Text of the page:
A Senate committee hearing Monday on how the FBI and Justice Department handled the Hillary Clinton email probe leading up to the 2016 presidential election elicited a promise from FBI Director Christopher Wray that future investigations would be handled differently.
“We are going to hold accountable any employee for potential misconduct,” Wray said during the hearing, which was presided over by Senate Judiciary Committee Chairman Chuck Grassley, R-Iowa.
Wray said misconduct has already been determined and referred to the FBI’s Office of Professional Responsibility, the FBI’s independent disciplinary office.
“We are going to adhere to the disciplinary office that that process has, fairly, without delay, and once that process, once all the processes are complete, we will not hesitate to hold people accountable,” he said.
Wray and Justice Department Inspector General Michael E. Horowitz were grilled by senators wanting answers on how the FBI managed the Clinton email probe and why she used a private, unsecured email account and server to perform official government business.
The Justice Department’s Office of Inspector General released a 568-page report Thursday, which noted that five FBI officials engaged in political commentary in text messages, but noted that the political opinions in the texts did not affect the decisions that were reviewed in the probe, as The Daily Signal previously reported.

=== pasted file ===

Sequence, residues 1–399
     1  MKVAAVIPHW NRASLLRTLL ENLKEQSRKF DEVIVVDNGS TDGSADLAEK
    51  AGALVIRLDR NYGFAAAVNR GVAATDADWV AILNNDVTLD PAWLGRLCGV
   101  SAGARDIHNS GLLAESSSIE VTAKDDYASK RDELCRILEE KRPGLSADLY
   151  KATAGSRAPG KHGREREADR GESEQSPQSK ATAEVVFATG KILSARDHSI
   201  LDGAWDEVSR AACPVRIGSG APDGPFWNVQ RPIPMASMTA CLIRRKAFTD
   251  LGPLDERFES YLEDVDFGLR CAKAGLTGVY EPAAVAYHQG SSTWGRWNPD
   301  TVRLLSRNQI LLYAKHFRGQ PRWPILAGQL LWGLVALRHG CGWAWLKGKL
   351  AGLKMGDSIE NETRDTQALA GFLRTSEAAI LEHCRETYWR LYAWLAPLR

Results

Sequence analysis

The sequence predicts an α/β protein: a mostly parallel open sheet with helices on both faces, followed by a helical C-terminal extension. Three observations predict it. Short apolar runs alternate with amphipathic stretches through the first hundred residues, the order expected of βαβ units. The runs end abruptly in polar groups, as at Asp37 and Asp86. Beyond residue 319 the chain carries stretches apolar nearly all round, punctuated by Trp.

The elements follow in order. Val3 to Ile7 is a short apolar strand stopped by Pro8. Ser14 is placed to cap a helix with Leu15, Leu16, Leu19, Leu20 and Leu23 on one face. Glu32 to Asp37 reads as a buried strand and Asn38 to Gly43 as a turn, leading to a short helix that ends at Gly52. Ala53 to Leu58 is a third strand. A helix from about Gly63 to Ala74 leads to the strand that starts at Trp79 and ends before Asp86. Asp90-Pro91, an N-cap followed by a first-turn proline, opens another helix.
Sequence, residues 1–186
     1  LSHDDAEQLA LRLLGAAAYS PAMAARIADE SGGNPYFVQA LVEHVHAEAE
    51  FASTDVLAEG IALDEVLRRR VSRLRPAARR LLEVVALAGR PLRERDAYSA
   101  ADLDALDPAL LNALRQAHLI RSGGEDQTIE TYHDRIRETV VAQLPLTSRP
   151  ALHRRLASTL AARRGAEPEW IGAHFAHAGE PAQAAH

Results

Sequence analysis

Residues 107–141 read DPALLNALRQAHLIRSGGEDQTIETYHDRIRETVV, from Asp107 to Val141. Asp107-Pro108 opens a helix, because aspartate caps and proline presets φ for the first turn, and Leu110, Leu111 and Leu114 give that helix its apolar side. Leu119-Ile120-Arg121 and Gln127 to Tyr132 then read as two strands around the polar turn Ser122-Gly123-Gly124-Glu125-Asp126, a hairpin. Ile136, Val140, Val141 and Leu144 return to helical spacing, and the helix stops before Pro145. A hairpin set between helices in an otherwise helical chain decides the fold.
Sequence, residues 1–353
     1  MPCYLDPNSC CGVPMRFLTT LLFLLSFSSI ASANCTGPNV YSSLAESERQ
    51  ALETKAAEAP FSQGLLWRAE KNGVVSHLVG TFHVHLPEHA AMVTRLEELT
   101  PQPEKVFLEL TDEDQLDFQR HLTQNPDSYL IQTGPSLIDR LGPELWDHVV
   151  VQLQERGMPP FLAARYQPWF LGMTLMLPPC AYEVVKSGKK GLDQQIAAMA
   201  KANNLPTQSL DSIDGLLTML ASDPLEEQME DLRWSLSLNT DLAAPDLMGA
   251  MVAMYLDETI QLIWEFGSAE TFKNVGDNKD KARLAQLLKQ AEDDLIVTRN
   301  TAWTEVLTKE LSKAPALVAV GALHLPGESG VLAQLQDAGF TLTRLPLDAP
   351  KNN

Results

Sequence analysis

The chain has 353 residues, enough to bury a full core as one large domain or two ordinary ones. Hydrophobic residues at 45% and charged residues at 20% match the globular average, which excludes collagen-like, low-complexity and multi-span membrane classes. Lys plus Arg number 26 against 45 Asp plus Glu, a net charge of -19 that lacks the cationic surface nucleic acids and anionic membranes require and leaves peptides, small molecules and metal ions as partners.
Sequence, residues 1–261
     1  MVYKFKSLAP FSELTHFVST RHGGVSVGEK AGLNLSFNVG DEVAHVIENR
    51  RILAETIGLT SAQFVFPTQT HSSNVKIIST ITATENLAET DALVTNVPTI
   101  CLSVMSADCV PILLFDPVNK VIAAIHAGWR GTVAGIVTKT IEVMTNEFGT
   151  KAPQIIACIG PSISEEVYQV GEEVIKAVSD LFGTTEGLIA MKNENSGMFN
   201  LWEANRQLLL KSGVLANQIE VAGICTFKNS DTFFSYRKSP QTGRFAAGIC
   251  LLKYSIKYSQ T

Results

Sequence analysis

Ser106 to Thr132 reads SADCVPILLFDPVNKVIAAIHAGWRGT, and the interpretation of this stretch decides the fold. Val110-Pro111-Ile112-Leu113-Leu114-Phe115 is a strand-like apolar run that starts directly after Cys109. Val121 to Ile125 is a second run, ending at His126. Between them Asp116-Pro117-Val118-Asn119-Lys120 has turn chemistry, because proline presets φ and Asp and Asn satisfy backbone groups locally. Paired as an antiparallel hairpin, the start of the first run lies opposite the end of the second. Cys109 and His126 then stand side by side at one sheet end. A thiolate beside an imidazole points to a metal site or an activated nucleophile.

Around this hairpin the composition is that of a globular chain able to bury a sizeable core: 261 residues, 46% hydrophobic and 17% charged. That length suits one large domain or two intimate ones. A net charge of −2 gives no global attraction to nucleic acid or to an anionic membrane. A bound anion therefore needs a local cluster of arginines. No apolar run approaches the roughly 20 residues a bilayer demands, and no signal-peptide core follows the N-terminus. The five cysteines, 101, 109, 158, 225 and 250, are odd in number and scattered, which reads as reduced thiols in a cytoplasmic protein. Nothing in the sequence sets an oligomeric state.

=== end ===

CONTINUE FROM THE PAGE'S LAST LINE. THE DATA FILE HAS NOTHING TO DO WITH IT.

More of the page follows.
Wray said all FBI employees will be subjected to training to ensure fairness in future investigations.
“We are going to make sure that every FBI employee understands the lessons of this report through in-depth, focused training, starting first at the top with all of our senior executives from around the world, and then every FBI employee to make sure that we do not repeat the mistakes identified in this report,” Wray said.
The report included text messages from FBI official Peter Strzok and FBI lawyer Lisa Page in which Strzok essentially promised Page that the FBI would keep Donald Trump from winning the 2016 election.
During the hearing, Wray also promised that the FBI’s policies and procedures would be reformed.
“We are going to make sure that we have the policies, the procedures, and the training needed for everyone to understand and remember what is expected of all of us, that includes things like drilling home the importance of objectivity and avoiding even the appearance of potential bias and conflicts of interests in our work,” he said.
Wray said that these new or reformed policies would include “ensuring that recusals are handled appropriately and correctly and are clearly communicated to the right people,” as well as making clear to all FBI employees the agency’s policy with respect to the news media.
In his opening statement, Grassley said the FBI is losing trust with the American people because of the lack of accountability the agency has had in the Clinton email investigation.
“The Justice Department faces a serious credibility problem, because millions of Americans suspect there is a double standard,” the Iowa senator said. “They see a story of kid-glove treatment for one side and bare-knuckle tactics for the other.”
Sen. Patrick Leahy, D-Vt., credited the mistakes made by the FBI to helping Trump win the election.
“If the FBI were trying to throw the election to Hillary Clinton, it could not have done a worse job,” Leahy said. “Every single misstep by the FBI damaged Hillary Clinton and helped Donald Trump.”